Big data is not just a technological tool or a means available to companies. Extending the field of business intelligence, big data has become a prerequisite for the ISD within the context of the digital transformation of a company seeking to innovate. And in this context, urbanisation of data will change, perhaps even drastically, the governance of the ISD.
“The biggest challenge of big data is to transform the ISD!”
Is big data a “driver” of the ISD? Yes, as we don’t need to stick to the simple functional acceptance of the term. Most certainly; it produces a new mass of collected data, as well as the emergence of new cross-functional uses. But it’s even more than that: big data, which extends the field of business intelligence (BI), makes data a new company asset which helps to create value.
It’s much more than a technology, a tool or a means available to a company. Having become one of the main drivers for innovation , big data deals with the biggest challenges of the ISD and guides its transformation. Data urbanisation therefore drastically changes the governance of the ISD. With a string of challenges concerning organisation, architecture, HR…
Besides the technological aspects which are beginning to be grasped, implementing big data involves eliminating the historical compartmentalisation of data and transforming it into a valuable asset for business processes. It also involves transforming the management approach adopted by information systems by developing data-specific skills, business units and governance.
Urbanising data: a fundamental change
Data urbanisation is at the heart of the transformation of the ISD by big data. It is essential to understand it by taking into account new data and the value assigned to them: we need to shift from an urbanism of applications to an urbanism of data. This change is quite profound.
This urbanisation requires measures to limit data being incessantly repeated in the IS and requires tools such as a Data Management Platform (DMP) to facilitate the management of data exchange flows. But urbanising is primarily about governing all of the mapped data available. They must be linked to the processes and activities, as well as their “owners” (which are often multiple in number), namely the business units. It will also be necessary to implement good reference systems (customers, products or services, organisation, etc.).
Main challenge: organisation…
And governing…is organising. Firstly in HR, with the increased proficiency in technologies. The sources of information are rich and considerable training is available on these topics (MOOC, e-learning, training centres, support for publishers). Moreover, ISDs can be supported by service providers who are able to offer their expertise. The resources are available – it’s about organisation and investment: create an action plan and support its implementation.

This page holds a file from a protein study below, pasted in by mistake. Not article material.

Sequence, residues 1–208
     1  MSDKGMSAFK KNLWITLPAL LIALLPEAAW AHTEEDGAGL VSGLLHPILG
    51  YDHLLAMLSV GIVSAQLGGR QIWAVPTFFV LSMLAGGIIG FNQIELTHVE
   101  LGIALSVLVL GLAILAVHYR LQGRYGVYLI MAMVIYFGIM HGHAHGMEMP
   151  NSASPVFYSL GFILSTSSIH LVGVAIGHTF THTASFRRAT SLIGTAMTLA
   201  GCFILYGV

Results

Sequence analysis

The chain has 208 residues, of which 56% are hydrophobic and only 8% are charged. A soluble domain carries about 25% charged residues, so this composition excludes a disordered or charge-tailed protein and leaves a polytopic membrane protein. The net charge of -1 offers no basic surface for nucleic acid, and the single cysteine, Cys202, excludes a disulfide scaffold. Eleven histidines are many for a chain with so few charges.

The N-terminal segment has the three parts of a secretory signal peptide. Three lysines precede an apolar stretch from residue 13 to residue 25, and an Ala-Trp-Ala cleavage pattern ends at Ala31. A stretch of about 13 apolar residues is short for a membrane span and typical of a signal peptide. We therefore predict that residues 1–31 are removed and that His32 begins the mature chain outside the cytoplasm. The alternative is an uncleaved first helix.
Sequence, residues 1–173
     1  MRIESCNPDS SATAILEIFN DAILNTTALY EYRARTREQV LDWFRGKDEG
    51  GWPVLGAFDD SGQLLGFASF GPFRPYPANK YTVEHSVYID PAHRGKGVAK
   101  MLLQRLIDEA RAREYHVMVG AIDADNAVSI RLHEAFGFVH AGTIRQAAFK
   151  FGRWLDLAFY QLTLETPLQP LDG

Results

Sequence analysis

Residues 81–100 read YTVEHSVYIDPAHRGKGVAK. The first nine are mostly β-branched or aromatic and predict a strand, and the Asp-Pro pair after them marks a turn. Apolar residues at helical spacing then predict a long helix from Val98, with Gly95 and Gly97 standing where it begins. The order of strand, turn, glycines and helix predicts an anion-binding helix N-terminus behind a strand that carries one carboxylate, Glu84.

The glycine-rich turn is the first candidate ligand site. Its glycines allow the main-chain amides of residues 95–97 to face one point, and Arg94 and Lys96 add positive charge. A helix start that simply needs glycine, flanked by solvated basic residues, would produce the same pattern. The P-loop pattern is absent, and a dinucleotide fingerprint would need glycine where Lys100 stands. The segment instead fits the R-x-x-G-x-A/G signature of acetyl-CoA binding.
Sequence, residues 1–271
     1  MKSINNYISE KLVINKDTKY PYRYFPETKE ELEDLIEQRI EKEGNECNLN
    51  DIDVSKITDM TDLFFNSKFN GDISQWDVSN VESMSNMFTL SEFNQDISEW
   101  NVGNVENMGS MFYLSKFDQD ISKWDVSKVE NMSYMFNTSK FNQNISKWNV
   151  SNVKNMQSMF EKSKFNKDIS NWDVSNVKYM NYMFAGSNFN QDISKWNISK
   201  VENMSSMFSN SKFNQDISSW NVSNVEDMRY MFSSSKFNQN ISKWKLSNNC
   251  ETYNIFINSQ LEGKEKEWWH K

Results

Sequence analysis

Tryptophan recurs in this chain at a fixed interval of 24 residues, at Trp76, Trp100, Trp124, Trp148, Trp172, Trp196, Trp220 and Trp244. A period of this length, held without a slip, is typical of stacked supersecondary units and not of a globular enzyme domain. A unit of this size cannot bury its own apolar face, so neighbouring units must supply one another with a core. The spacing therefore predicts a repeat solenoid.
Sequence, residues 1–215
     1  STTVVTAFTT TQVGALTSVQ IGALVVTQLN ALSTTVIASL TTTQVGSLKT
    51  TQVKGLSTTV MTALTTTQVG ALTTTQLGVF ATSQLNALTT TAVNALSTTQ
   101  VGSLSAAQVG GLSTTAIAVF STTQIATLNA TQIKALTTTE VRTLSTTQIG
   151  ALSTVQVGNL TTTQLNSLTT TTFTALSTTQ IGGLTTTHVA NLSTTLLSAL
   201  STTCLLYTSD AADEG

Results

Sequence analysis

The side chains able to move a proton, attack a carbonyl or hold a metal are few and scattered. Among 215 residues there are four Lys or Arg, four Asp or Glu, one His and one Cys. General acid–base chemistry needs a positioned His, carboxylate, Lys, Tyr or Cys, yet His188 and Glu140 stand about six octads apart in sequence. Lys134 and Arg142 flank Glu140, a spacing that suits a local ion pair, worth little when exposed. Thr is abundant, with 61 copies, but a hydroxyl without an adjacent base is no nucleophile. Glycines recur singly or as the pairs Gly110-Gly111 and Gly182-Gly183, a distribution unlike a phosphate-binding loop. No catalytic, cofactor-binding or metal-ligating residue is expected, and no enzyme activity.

We are also seeing new types of application appear with new business units which are necessary to ensure the correct use of data (to avoid interpretation errors). Data scientists (of which there is a shortage of between 140,000 and 190,000 in the United States at the time of publication, according to McKinsey) and data stewards are the profiles in mind. But bear in mind that these are roles that fall more under the category of business units than the ISD, whilst having an impact on it: the ISD must therefore adapt itself by finding a “mirror” organisation to work with these new business units.
Moreover, the variety of data collected and the increase in collection points at the heart or on the fringe of existing processes blurs the boundaries between the professions. As Becoming a valued asset of the company, data will need an “arbitrator” and a manager ensuring that all stakeholders are respected (producers or consumers, internal or external): the chief data officer (CDO). This is the approach adopted by numerous organisations and, since 2014, by the French State with the nomination of Henri Verdier as General Data Administrator (AGD) for the State.
This organisational challenge also involves a cross-disciplinary view of the data. The trap to avoid, for example, would be the implementation of a cross-disciplinary data lake to produce data silos for each core business under the pretext of security: this would go against the fundamental principle of data sharing, only capable of really delivering the expected value.
In most cases, it will be necessary to shake up the standard structure of the ISD in application silos, to introduce a cross-functional data-driven organisation and user application services for data.
… without forgetting the architecture
Finally, one of the key values of big data lies in being able to combine data. The issues related to decompartmentalisation of data are fundamental: confidentiality, governance and implementation of a common reference system as each division has its own vision and therefore its own definition of the company’s objects. The challenges of the data architecture also concern governance, convergence of reference systems, and definition of the points of convergence between the various data sources.
Ultimately, in this new context, the challenge of transforming the ISD emerges as a division of responsibilities concerning the data on the one hand, and concerning the integration of IT services on the other hand, with an increasingly clear distinction between CIO (Chief Information Officer) and CDO (Chief Data Officer).